“I know I was very careful to always be walking with friends,” chuckled Evans, “even walking to and from school. The older guys, the tough kids, hung out on Old Sonoma Road where there would later be an overpass, I think there was service station and a store there. I never went in there the whole time I went to Ridgeview. If I wanted something I waited until I got to Food City.”
You don’t think of a Napa school as being reminiscent of the kind we saw in the film “Blackboard Jungle,” and yet Evans said: “Back in those days, the older guys went around with their cigarette packs rolled up in their T-shirt sleeves. Even though no one was allowed to smoke on campus, they never took them out, even when they were in class.
Another dynamic that made Ridgeview back in the day different than middle schools today is the 10th-graders had drivers’ licenses and could drive their cars to school.
“That’s why the school parking lots at the junior highs were so big,” Evans said. “They had to accommodate teachers, staff and students with cars. Naturally the kids with cars hung out in the parking lot at lunch, and the deans almost always had to come out and shoo them back to class.”
I talked with dozens of former students for their recollections. One, a retired financial expert, remembers the school for its bullies and fights. The tough guys, he noted, were called “hards” or “hair hats” and wore black leather “missile toe shoes.” In one fight he saw, “a guy got hit in the face, then face-planted into a locker handle, mostly tearing off one of his eyebrows.” In another, “as a defeated foe lay on his back in the dirt, the victor hurled a brick full strength into the guy’s chest.” One former student says he remembers defiantly smoking behind the Quonset huts.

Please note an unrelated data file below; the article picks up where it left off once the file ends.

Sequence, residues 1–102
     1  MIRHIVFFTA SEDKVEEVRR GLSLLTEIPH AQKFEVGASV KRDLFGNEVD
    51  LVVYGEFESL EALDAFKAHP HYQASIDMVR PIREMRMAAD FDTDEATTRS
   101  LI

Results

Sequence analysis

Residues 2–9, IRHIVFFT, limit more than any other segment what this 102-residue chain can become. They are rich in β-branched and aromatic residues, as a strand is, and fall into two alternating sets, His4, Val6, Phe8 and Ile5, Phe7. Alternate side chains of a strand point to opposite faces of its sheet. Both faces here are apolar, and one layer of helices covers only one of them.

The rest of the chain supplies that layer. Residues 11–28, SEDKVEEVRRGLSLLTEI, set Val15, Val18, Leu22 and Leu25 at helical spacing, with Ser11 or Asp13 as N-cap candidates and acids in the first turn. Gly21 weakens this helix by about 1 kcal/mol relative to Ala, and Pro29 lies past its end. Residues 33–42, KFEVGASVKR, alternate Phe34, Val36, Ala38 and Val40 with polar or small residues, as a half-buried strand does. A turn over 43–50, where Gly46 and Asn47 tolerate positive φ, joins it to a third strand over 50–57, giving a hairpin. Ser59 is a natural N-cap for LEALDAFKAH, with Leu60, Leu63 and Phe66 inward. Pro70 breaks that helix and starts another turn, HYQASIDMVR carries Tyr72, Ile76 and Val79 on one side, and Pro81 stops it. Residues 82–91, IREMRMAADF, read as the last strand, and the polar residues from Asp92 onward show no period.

A girl student said the school took on the added name of “Cageview,” after the lockers were enclosed in a locked cage after a break-in.
Others said they had “a good experience” at Ridgeview, and recalled the smell of popcorn and cotton candy at basketball games. A female student loved the dances, and her principal at the time, Herb Salinger who was the brother of presidential press secretary Pierre Salinger. Others, mostly girls, loved the lunchtime sock hops. Students who spent time at Redwood or Silverado before transferring to Ridgeview noted it was a real culture shock. One who transferred in from Redwood remembers having to fight for respect “almost every day.”
Bill Buckner, perhaps Napa’s most famous athlete, was a Ridgeview man as was his brother Bob and many other jocks who went on to star at Napa High. George White and Dave Jones come to mind.
Many students noted that the teachers, administrators and coaches at Ridgeview were outstanding, and many went on to be successful at the high school level.
When the decision to close Ridgeview was made, it was a shock to then-principal Wildman. “I had only been there two years, and I had been working on plans to turn the junior high into a middle school. I was sorry when it reopened as Harvest Middle School, that they didn’t keep the Ridgeview name,” he added.
Declining attendance was the culprit according to Evans. A number of big businesses in the Napa area had closed and, when jobs vanished, families moved out of town and potential newcomers changed their minds.
And why is that Ridgeview marble sign, split in half by the recent earthquake, still on the building? Evans said you can blame him: “The reason that sign is still on the building is because people like me wanted to save a little piece of Ridgeview. Hopefully it will stay. I sure won’t be the one to take it down,” he laughed. “There’s too much history there.”
No one who went there could argue with that.